This is just as important as the entry itself, plain and simple Find Work! If it’s a large structure with multiple room and halls, you at one point will have to give it up to take care of what’s in front of you. After you have cleared your corner and the room is deemed clear, get back on that door and be ready to take the hall or next room you have to enter next. Up , down, left and right there’s always work to do.360 Security Moving M4

Remember you are only as perfect as your practice. Train for survival, not for defeat. Always think: WHATS MY NEXT MOVE?

For hands-on basic and advanced instructor lead courses, go to Spotter UP.com and signup!

FIND A WAY OR MAKE A WAY

 

 

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About The Author

Tactics/Training Advisor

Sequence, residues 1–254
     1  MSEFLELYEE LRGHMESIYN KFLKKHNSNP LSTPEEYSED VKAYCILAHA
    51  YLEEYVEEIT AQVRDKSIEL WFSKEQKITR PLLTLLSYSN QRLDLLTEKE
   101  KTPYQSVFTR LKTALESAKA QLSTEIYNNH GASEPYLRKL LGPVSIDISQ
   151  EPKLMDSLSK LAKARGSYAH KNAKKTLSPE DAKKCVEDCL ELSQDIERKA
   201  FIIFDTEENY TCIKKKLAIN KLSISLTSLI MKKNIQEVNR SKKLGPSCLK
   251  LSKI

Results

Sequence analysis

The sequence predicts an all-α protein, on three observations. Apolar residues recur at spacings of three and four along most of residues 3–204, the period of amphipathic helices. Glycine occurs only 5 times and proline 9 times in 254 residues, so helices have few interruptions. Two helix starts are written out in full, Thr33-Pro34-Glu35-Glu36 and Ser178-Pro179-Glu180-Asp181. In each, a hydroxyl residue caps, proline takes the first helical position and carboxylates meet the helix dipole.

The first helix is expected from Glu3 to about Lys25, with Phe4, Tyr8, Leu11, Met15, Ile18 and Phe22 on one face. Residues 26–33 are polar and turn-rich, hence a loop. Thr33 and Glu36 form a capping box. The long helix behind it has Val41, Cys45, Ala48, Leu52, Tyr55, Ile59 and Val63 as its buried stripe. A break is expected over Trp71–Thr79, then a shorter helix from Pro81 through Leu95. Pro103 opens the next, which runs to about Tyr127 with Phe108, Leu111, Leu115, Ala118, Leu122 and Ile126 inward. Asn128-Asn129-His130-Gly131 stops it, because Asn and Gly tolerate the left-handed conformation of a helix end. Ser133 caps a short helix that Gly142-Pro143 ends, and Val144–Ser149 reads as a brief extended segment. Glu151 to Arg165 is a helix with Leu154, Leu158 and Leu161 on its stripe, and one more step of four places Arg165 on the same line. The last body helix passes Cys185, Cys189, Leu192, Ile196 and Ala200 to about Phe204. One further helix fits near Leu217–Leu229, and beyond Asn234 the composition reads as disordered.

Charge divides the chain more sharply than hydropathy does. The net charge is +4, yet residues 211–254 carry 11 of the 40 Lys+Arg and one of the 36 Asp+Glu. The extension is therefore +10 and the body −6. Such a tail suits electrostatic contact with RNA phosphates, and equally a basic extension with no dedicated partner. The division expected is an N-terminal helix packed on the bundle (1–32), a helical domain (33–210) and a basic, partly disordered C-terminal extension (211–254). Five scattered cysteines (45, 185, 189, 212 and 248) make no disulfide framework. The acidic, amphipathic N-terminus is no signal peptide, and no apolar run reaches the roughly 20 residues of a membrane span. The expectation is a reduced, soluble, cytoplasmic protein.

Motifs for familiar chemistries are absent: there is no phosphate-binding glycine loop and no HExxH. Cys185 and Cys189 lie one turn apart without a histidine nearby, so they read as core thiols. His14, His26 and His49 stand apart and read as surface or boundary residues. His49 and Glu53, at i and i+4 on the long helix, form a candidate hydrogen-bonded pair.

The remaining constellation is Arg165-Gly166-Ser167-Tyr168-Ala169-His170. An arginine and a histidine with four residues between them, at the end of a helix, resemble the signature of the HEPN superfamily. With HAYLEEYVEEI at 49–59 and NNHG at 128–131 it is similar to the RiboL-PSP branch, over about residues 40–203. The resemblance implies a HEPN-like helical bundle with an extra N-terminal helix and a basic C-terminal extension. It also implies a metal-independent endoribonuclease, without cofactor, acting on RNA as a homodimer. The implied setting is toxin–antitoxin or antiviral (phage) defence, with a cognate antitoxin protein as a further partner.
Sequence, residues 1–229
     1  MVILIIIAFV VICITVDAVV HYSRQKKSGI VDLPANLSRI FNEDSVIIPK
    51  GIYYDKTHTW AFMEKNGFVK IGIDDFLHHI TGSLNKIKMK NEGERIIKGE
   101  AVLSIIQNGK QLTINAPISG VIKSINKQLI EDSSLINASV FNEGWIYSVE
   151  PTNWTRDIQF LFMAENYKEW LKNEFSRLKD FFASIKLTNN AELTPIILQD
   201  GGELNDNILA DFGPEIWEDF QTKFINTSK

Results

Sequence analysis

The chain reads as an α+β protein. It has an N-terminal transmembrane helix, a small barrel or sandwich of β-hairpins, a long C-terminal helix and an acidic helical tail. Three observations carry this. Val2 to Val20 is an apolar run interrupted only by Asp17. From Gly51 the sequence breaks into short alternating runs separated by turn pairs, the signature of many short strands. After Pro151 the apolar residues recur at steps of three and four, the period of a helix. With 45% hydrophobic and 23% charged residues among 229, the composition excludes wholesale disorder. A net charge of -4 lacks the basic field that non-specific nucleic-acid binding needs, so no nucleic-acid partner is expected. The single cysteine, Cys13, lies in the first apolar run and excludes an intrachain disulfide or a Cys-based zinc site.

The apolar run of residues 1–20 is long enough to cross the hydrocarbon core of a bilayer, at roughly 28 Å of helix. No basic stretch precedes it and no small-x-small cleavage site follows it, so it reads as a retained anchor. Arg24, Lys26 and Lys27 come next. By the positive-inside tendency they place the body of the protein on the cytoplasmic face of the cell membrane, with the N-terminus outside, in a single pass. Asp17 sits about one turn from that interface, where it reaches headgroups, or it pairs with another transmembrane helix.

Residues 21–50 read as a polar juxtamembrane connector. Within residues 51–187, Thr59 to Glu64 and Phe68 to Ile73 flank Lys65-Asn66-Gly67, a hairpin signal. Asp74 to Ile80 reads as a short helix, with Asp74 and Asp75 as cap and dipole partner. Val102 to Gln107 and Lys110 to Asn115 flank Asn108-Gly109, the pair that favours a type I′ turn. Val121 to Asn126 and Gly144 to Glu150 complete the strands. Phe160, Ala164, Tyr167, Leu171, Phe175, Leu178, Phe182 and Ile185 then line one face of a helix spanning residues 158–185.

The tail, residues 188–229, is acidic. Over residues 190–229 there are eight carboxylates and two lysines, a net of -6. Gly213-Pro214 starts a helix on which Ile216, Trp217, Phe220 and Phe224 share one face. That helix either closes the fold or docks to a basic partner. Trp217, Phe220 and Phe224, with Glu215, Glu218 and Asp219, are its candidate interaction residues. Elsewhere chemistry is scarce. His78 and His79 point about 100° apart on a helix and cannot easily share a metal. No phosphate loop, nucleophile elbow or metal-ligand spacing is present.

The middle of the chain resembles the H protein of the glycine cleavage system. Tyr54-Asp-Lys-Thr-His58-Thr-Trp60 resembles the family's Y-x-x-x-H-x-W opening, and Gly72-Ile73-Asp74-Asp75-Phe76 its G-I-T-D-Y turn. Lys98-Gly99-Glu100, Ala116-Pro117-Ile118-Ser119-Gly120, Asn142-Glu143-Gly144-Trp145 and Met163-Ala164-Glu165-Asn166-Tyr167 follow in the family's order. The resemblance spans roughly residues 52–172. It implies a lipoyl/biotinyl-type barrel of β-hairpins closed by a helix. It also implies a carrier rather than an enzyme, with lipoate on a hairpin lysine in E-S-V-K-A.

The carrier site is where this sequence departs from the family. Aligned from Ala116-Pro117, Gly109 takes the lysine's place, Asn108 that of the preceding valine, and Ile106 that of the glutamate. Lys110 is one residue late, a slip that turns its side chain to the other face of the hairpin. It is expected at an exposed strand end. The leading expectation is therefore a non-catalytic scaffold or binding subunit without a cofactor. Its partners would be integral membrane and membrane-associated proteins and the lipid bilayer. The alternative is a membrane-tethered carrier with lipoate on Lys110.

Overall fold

Sam has been in federal law enforcement for 6 years. During his brief time with his agency he was tasked to play an intricate role in the successful organization of a Tactical Response Team. He has trained with some of the top law enforcement agencies and shooting/tactics instructors in the US. His prior experience came from approx. 9 years of local law enforcement working in one of the top five most dangerous areas in America. Of those years, 7 were spent on the city SWAT Team, 2 years in Street Crimes and he spent hundreds of additional hours working DUI. Sam has over 200 tactical missions under his belt, and over 400 drug and warrant arrests. During his career in law enforcement he successfully completed and received several certifications to include: • Arkansas Law Enforcement Training Academy • Federal Law Enforcement Training Academy (FLETC) • NRA Law Enforcement handgun/shotgun Instructor • Basic Firearm Instructor • Basic Tactics Instructor • Law Enforcement Instructor Training Program • General Instructor • Rappel Master/Instructor • SWAT Level 1 Certification • Basic/Advanced SWAT Certification (Illinois State Police) • Active Shooter Response • Individual Protective Measures Training Program • Protective Service Operations Training Program • Dignitary and Witness Protection for Law Enforcement (LEGION) • High Risk Environmental Protection Program (LEGION) • First Aid/CPR/TCCC • Hand to hand assault/counter assault • Advanced defensive driving Sam was deployed to an active war zone for several months, where he was a team leader for motorcade movements while overseas in hostile territory. His responsibilities were scheduled pick-up/drop-offs, route recon, advanced firearms training and emergency Quick Response Force training for his team. Jay subscribes to the Spotter Up way of life. “I will either find a way or I will make one”.